Ground Wires Inside a Panel

Inspected a main service panel where whoever wired the panel had “saved space” by pigtailing three branch circuit ground wires together inside the panel so each pigtailed bunch could be connected to the neutral/ground bar via one ground wire. The result was that several ground wires were connected under a single screw (okay), but each of those single wires was connected to a bundle of at least three other ground wires inside the panel. This bundling of ground wires appeared to have been done so there would be enough connector screws – every screw on the neutral/ground bar was occupied, either by a single neutral wire or multiple ground wires.

Is it okay to pigtail branch circuit ground wires inside a panel so multiple circuits are grounded to the neutral/ground bar by a single wire?

How were they spliced?

One group of 3 pigtailed wires had a wire nut, another a barrel crimp.

Ok, not a code enforcement officier, so bare with me.

2005 NEC 250.122 © - Size of EGC’s in Multiple Circuits.

Paraphrase: Allowed for raceway or cable, as long as the ECG is sized to the largest over current conductor.

Back To Your post: Was any groupings of mixed sized conductors, and was the final conductor the largest one, and sized for those circuits largest OCP?

In general, all electrical work must follow the manufactures instructions (2006 NEC 110.3(B), and must be a quality of work in that is neat and professional (2006 NEC 2006).

So for the $64k question, did it appear unsafe, and messy?


Everything was 12 gauge wire and very neat.

I run into it a lot, “ECG abuse”. Rather than installing a larger ground bar, some electricians install a large lug and cram like 5 ecg’s under it. I’ve asked why, but I get “grey area” lingo, and it will pass the AHJ, so I stop asking.

Nice to see it’s happening on the west coast as well. :wink:



As long as the pigtail is as large as the largest grounding conductor in the bunch, there can be as many as the splicing device is listed for.

In the interest of a small error correction and clarity in posting.:smiley:

EGC=Equipment Grounding conductor:)


Ha Ha, two posts, and I spell it two different ways. Good catch!


In a previous life I used to repair ECG equipment so it knda stuck out like a sore thumb for me.:wink:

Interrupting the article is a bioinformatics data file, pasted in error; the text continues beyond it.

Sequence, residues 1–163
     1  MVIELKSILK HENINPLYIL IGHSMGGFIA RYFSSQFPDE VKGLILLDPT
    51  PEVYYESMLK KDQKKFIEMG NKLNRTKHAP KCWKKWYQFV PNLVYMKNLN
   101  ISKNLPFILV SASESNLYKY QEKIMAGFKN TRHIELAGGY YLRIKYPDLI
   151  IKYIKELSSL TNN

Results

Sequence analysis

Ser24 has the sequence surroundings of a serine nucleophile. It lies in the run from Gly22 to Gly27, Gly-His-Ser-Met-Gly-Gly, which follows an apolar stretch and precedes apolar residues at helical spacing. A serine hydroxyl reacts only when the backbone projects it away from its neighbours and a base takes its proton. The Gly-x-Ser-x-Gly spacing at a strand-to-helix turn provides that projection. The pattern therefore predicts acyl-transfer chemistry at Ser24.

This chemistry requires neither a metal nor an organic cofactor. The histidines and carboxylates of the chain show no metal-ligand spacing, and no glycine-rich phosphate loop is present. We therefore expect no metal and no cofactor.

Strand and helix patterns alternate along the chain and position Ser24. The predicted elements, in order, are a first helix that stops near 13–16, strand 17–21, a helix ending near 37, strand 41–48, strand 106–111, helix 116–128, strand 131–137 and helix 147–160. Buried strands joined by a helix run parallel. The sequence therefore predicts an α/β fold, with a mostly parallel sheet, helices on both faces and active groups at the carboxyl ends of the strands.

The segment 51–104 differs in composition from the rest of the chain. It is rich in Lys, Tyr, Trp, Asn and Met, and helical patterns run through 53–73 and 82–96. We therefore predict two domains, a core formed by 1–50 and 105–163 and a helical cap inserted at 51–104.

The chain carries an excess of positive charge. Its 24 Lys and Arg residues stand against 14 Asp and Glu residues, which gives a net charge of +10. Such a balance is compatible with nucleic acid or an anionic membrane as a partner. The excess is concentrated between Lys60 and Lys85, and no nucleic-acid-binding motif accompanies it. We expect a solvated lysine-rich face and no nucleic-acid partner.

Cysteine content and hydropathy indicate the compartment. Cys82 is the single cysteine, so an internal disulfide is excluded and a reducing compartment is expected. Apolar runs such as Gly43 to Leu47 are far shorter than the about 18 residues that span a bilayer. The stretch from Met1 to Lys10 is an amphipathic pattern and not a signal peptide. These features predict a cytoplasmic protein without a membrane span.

Ok I am one of the Electricians out their that do not like the idea of EC’s putting multiple EGC’s under a single wirenut and running a single EGC to the lug…in my mind ( without respect to CODE ) it is poor workmanship in my opinion.

I would prefer to see multiple wirenuts and splices within the panel with each individual EGC going to the terminal buss…regardless of what others will say…to me just POOR installations…WHY???

Because most all panels allow multiple EGC’s under the same lug to the max allowed by the enclosure…in a normal 200A panel i have NEVER run out of space to do it properly…so…some will say…but PAUL we are looking at old panels…SO…WHAT…

NO EXCUSE for poor workmanship…WHY…are we SURE the old installation grouped these EGC’s together and the 'pigtail" is sized correctly as previously listed…we can’t guarantee ANYTHING as people do the darndest things…so LOOK for it…KEEP an eye on it…

When i see bundling of the EGC’s…I see #10AWG’s and #12 AWG’s together…usually ecceeding the allowance of the wirenut anyway…but then the pigtail is a # 14 AWG…that would be an incorrect installation and worthy of MY REPORT…

When it comes to electrical inspections…do not fall in to a laxed mode…while it seems some electricians around the country get upset when an HI puts some things in a report like Double Tapping…BUT as an electrician…I get paid to fix it…it is simple but the HI is doing their JOB…

so NOT be swayed because you feel you will upset a local EC…they can GET over it guys…maintain the COURSE !

P.S…Tom cramming them into that LUG would increase the allowance of that LUG probably…as if the lug is allowing multiple wires…it will SAY SO…if it is old…do not assume it will…if the HAIR on your neck sticks up…write it…then defer it and let the EC field the question…




Hey Paul, as a EC, I love Home Inspectors, I get a lot of gravy work from them. Straightening out a DIY’s mess pays real well.


we are of like minds then…great minds think alike…but I am sure you have heard the stories of electricians having fits with HI’s…i think it is just due to a lack of understanding is all.

When a house is built the electrician may go in their one time…YET a HI will probably ( we hope ) go in many times through its sales life…those additional eyes are sooooooo valuable…